I have been impressed by how apparently seamlessly, and efficiently, this approach has been adopted by Mormons in all their writing and speaking. It does, however, create several problems, both for Christians, who find it singularly offensive that the Mormons should attempt to appropriate the name exclusively to themselves, and for Mormons themselves, whose use of the convention often serves to confuse rather than inform.
I have come across statements from Mormons that speak of the differences between “Christians” and “The Church of Jesus Christ” and I wonder if Mormons have realised how very peculiar this juxtaposition of ideas will sound to people outside the Mormon Church. Especially where I am, outside the geographical areas where Mormonism predominates (i.e. the rest of the world outside America). Of course, I know the chequered history of the Mormon Church’s name, and I am fully aware of what their “style guide” is trying to do, i.e. if people hear something often enough they come to accept it as fact.
But this very odd juxtaposition of “Christians” and “The Church of Jesus Christ” would lead most people to think that Mormons had produced a tautology. That they were discussing the Church of Jesus Christ distinguishing itself from itself, since most would define the Church of Jesus Christ as the sum of Christians, and a Christian as a member of the Church of Jesus Christ.
Am I a Mormon?I am interested in what has been seen by many as a cynical use of terminology. Perhaps Mormons feel that just because I am a Christian that doesn't mean I am a member of The Church of Jesus Christ, which they clearly equate with the Mormon Church. Are we to make a distinction between "The Church of Jesus Christ" and "The Christian Church"!? If so, how would you define and justify that distinction? There is no warrant for it in Christian Scripture and even convention does not allow for such a distinction to be readily understood.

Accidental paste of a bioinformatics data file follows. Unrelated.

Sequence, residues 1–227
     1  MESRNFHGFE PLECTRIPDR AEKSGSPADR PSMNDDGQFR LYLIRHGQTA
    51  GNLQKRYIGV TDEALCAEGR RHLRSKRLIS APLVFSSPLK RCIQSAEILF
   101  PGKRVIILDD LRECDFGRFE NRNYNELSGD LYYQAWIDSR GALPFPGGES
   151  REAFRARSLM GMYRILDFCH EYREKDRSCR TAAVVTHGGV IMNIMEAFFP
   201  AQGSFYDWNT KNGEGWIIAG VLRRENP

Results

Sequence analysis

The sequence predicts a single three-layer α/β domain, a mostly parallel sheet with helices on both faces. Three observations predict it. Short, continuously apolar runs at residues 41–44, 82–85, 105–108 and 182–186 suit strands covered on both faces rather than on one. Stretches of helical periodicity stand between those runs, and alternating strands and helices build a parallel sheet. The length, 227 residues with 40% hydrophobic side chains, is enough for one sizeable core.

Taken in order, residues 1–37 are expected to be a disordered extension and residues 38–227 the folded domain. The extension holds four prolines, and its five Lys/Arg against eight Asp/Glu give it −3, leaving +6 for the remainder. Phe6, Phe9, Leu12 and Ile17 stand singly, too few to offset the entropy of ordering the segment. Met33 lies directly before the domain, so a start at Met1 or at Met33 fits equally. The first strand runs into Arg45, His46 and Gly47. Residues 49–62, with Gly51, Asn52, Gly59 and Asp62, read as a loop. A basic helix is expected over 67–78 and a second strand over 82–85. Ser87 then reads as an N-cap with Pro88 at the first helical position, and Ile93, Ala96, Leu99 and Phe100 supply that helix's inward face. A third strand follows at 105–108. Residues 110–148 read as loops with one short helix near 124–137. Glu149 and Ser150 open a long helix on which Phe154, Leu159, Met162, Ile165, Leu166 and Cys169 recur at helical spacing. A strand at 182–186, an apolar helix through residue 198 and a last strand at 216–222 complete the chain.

I am trying to understand where I fit if, as a Christian, I do not belong to The Church of Jesus Christ. What are the implications of such a distinction? I am a Christian and, therefore, consider myself a member of the Church of Jesus Christ. Does that make me a Mormon, and if I am not a Mormon and, by implication, not a member of the Church of Jesus Christ, am I not a Christian?
It used to be so easy. Mormons were Mormons who considered themselves Christians but emphasised distinctives by calling themselves "Latter-day Saints". Christians were Christians who considered Mormons as non-Christians and emphasised distinctives by calling them Mormons. Even Mormons called themselves Mormons! Now Mormons want to be Christians in the sense of being "another denomination", calling their church "The Church of Jesus Christ" and, in the process, blurring distinctions that once were so dear even to them.
If ever there was an apologetic for ministry to and about Mormons here it is, i.e. the task of bringing clarity and understanding where Mormons have produced ambiguity and confusion. But then hasn’t that always been the apologetic for ministry to and about Mormons?